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These are coconut, there's a hemp milk. Turmeric.>> Jamie is a vegan milkman in London. Out for delivery in this 70-year-old traditional milk truck. That means, obviously, these didn't come from a cow or any animal from that matter. He makes alternative milks. Almond, soy, oat, pistachio, whether it's for the environment, animal welfare or health reasons, they've never been more popular.
>> We are just at the beginning, really, in terms of sort of the plant-based movement and where it's all going. I think one in eight people in the UK now. Sort of adopting more of a plant-based lifestyle.>> Jamie's delivery service maybe niche, but alt milk has gone mainstream.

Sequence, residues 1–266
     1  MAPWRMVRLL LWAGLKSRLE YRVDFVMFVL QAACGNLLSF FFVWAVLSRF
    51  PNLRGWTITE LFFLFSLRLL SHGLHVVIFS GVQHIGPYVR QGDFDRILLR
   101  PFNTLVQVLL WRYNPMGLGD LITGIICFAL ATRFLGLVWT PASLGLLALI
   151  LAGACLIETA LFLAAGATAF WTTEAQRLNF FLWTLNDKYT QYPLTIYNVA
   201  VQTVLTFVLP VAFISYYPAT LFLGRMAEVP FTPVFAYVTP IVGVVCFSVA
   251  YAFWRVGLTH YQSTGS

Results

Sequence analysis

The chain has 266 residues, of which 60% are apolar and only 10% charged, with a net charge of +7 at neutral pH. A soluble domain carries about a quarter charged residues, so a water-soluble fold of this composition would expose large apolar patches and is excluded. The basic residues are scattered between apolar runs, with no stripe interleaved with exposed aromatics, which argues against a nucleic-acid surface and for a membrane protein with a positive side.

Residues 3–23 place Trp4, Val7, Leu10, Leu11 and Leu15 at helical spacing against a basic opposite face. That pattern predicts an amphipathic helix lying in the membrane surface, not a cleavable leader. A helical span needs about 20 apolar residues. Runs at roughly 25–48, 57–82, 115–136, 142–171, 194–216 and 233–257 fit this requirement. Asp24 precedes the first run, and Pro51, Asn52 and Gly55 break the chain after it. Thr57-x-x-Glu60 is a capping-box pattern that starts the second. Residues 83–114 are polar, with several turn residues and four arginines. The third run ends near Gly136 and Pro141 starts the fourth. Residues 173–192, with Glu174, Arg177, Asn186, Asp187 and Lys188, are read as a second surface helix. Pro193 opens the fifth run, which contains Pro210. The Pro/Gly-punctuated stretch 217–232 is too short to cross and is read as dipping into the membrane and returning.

Starbucks has caught on, your local coffee shop may have, too. In London, adverts for this oat milk are everywhere. Reading, it's like milk but made for humans. Swedish company Oatly, calls this the post milk generation.>> A competitor, Rude Health says sales of their dairy free range is growing 44% year-on-year.
Oatly expects its sales to be up 58% this year, and in the UK that figures a 100. So are we falling out of love with dairy?>> I don't think it's fad in as much as trying to save the planet is a fad. I think people have now switched on to the fact that we are severely sort of in trouble.
This is where the magic happens.>> It certainly not a cost-cutting exercise. Most alt milks are typically four times the price of dairy. Whether they end up being a fleeting fad or not, the dairy milk dip has been happening for decades. People in the US are drinking 25% less than in 2000, and 40% less than the mid-70s.
Having said that, they're also eating over 200% more cheese and yogurt since then too, suggesting compassion for cows is pretty limited.